Stealing the Innocence of Childhood
I received the latest news that shattered my sense of peace while I was with my extended family celebrating my nephew’s graduation from college. My sister’s best friend, who feels like a sister to me, leaned over and said, “did you hear about Buffalo?” I nodded yes, as I spied my sweet 10-year-old son throwing a football to whomever was a willing recipient.
How and when do I talk about this with my son? My sensitive, brown-skinned boy, who worries so much about others, has a keen emotional intelligence, and can tell when my husband or I are hiding something. When George Floyd was murdered, his school talked about it and he hasn’t been the same. He could not get past the injustice. He could not get past that his skin tone is similar to many African American and Latinx youth and young adults targeted for violence, targeted even by those who take an oath to protect citizens. Selfishly, I might have kept him from knowing anything about it. Doing so might protect his innocence. But, as an African American boy, while he needs to know his culture and community; regrettably, he must be prepared for discrimination and racially motivated violence.
After learning about racially motivated violence, like other African American, Latinx, Asian, and Indigenous children, my son worries about his father – my husband—traveling, as an African American man—will he be safe? He worries about my safety and that of our extended family. The verdict against the officer in the George Floyd case brought me a mild sense of solace. But the verdict more than a year later was too abstract for my son to understand, and the innocence of childhood was already irrevocably breached. In 2016, I wrote about parenting in the midst of police profiling and violence in U.S. News and World Report. Sadly, things have not changed since then.
As a developmental scientist, I lean into the work of scholars who study racial and ethnic socialization and ethnic identity, as these are the mechanisms that protect our children. I lean into the work of scholars such as Diane Hughes, Emilie Smith, and Howard Stevenson who not only study the phenomena of racial and ethnic socialization and preparation for bias but live the experience of preparing their sons for an unjust world. I am reminded of Howard Stevenson’s poignant sharing of a recording of having “the talk” with his son, as he prepared him for an unjust world in response to unsettling news. He shared this recording at the SRCD Special Topics Meeting, “Babies, Boys, and Men of Color,” in Tampa in 2016. My son was 5 at the time and I have never forgotten it. I lean into Adriana Umana-Taylor’s recent keynote address at the “Construction of the Other” Special Topic Meeting just two weeks ago (May 2-4th), where she described how schools and teachers can have the hard conversations that can guide youth in deepening their knowledge of their identity as a protective skill for the future. In these ways, science, practice, and lived experience merge.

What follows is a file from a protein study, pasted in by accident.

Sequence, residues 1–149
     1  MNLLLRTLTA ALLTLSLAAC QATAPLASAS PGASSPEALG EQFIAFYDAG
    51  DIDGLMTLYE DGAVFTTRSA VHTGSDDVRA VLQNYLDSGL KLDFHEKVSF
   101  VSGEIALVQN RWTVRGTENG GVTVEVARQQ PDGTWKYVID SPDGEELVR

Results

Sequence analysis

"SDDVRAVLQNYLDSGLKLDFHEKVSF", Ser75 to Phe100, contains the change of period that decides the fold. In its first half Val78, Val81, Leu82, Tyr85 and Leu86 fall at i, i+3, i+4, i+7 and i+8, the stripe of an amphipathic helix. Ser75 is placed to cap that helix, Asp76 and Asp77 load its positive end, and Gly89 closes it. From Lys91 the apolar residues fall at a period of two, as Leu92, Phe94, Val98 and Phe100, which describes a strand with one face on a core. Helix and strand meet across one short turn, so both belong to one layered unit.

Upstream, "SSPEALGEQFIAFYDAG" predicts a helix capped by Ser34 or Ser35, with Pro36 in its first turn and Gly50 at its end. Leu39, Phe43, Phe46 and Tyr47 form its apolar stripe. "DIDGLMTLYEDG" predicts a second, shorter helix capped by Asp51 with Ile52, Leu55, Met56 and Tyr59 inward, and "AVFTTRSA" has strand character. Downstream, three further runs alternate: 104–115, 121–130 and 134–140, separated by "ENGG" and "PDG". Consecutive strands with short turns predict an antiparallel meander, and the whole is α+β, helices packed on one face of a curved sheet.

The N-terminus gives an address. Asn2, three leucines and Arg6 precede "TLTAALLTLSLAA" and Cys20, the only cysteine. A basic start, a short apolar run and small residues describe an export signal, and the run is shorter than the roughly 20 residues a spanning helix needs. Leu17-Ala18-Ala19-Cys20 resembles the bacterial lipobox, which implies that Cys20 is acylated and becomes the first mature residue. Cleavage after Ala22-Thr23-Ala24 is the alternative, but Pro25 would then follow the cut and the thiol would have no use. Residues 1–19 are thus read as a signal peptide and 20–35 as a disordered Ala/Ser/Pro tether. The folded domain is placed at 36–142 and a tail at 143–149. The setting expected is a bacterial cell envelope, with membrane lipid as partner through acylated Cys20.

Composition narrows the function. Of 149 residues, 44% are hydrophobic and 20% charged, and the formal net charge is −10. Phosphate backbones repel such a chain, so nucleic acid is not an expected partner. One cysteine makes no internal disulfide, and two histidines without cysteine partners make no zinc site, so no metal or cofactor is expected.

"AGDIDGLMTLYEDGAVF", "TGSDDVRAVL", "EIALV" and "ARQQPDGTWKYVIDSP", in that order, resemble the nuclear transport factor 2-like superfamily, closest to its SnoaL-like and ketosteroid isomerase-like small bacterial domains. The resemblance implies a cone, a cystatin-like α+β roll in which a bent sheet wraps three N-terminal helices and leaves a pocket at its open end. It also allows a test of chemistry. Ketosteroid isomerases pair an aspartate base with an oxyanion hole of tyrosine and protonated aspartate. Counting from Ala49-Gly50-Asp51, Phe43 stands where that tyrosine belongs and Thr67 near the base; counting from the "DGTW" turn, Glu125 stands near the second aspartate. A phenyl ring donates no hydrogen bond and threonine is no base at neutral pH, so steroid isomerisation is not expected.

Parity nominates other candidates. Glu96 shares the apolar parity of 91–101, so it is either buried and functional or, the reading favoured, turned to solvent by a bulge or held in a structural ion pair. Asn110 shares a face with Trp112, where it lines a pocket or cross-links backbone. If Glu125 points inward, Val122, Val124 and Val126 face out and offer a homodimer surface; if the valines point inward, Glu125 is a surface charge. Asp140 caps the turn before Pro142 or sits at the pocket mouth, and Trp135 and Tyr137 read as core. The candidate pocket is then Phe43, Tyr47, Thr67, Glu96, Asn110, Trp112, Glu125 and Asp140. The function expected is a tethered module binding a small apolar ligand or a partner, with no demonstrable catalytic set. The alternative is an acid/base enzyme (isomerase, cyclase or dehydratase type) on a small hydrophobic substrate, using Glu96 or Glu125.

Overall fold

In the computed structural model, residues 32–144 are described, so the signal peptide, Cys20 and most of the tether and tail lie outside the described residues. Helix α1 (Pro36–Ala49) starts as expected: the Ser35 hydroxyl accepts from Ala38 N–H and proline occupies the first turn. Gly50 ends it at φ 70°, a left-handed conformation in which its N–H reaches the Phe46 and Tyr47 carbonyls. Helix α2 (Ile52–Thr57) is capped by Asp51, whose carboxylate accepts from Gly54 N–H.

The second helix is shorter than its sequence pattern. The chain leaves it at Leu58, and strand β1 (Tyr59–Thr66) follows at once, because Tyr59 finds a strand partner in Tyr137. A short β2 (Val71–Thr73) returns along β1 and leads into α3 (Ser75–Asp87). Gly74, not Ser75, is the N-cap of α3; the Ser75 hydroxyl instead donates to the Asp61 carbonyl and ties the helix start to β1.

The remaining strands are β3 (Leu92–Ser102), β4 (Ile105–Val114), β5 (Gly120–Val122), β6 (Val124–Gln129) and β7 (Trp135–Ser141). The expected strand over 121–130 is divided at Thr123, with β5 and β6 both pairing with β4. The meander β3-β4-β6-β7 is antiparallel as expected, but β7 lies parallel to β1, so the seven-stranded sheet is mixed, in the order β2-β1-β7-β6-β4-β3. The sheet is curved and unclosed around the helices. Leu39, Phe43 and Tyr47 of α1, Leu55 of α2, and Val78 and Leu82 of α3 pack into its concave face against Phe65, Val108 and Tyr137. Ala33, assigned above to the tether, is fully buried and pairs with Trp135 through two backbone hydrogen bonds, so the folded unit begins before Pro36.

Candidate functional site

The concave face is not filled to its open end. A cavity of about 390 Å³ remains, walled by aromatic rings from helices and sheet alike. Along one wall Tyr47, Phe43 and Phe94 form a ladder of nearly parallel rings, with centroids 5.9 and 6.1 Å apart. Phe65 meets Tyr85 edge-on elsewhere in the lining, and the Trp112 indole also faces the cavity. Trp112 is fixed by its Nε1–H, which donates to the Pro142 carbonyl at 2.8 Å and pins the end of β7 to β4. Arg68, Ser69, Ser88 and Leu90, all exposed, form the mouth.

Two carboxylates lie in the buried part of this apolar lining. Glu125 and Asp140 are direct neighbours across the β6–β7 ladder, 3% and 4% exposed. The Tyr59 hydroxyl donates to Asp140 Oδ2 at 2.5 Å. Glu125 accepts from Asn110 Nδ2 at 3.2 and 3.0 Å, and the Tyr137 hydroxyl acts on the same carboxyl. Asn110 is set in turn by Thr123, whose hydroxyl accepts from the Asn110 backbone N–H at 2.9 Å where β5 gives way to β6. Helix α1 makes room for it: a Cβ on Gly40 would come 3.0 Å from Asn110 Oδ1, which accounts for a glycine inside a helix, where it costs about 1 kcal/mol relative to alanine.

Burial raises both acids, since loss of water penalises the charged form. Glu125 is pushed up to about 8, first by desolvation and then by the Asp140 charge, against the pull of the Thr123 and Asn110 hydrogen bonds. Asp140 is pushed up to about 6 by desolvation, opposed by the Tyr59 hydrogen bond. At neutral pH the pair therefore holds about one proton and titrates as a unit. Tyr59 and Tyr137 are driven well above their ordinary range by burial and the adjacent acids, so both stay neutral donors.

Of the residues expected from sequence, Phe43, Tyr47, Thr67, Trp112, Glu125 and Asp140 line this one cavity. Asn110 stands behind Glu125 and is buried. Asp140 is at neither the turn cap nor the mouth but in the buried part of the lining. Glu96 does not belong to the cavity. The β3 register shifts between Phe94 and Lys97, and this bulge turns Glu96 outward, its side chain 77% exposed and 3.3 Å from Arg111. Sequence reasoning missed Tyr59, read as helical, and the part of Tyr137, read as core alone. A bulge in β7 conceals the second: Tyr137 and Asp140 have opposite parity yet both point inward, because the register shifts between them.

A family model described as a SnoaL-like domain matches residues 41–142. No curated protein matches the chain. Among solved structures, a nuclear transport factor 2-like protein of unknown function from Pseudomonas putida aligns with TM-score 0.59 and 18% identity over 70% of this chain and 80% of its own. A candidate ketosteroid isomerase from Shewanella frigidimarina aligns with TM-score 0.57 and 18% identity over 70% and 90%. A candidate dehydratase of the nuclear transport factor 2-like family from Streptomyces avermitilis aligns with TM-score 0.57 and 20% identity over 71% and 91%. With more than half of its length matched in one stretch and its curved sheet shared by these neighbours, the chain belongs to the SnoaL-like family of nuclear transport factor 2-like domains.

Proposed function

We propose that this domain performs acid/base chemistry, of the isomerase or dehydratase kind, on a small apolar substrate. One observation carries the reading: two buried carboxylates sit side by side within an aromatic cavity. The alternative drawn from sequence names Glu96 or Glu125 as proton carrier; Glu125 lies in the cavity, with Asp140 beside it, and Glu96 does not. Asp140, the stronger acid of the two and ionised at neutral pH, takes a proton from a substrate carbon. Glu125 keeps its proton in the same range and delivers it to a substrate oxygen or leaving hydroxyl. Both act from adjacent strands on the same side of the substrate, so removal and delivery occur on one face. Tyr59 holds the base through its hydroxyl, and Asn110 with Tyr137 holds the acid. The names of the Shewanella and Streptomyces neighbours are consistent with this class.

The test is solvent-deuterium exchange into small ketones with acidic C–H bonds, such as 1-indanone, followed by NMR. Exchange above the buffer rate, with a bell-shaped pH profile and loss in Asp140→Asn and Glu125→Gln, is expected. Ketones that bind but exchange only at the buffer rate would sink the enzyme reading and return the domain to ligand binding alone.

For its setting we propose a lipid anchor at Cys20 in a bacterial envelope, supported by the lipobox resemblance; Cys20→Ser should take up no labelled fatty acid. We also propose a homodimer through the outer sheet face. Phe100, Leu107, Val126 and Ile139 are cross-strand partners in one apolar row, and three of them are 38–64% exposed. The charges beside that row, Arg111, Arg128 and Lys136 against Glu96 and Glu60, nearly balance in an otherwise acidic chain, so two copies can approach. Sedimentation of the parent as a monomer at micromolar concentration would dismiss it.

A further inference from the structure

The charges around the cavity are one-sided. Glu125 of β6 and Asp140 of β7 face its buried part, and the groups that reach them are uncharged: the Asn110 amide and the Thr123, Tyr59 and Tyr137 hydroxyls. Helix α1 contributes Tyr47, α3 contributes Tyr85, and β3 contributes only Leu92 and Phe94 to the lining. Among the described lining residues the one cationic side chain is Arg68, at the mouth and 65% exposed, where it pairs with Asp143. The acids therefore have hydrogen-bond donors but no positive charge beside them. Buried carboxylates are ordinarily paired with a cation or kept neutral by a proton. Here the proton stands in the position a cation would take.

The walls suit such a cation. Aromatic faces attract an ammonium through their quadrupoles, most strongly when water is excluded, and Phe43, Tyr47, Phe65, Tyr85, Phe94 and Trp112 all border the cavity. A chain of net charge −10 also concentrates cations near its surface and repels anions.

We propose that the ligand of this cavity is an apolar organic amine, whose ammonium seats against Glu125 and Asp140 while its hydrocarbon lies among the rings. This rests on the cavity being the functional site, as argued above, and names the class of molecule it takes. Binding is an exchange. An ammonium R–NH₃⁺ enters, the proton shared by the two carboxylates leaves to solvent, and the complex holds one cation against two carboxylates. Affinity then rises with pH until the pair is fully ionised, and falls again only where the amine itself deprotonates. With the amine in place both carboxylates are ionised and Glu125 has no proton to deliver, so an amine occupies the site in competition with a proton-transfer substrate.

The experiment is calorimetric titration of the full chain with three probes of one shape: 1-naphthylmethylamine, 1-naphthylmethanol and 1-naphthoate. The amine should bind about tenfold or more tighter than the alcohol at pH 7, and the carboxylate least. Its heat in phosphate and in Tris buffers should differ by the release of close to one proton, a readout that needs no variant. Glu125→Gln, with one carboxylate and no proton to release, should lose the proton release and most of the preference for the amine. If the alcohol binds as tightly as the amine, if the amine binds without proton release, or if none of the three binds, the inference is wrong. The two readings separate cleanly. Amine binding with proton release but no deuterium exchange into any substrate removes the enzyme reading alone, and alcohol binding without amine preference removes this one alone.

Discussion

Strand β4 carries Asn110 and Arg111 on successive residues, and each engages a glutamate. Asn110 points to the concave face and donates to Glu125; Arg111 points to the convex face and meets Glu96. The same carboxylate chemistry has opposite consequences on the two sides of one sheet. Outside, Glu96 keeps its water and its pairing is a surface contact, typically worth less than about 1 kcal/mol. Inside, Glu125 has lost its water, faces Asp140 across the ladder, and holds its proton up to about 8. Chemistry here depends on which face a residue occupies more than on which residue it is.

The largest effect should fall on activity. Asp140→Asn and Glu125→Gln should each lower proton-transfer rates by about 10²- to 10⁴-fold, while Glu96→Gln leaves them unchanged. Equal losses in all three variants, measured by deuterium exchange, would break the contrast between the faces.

SRCD strives to advance the developmental sciences and promote the use of developmental research to improve human lives. So often we are looking for the common “universal” experience, which erases the experiences of many marginalized youth. If we are going to improve the lives of ALL children, we must lean in and work against societies’ ills and injustices so that ALL children feel valued, included, and central to our future. The social injustices in society work against Black, Indigenous, Latinx, and other children of color. As SRCD, we need to ensure that all children are “our children.” CTA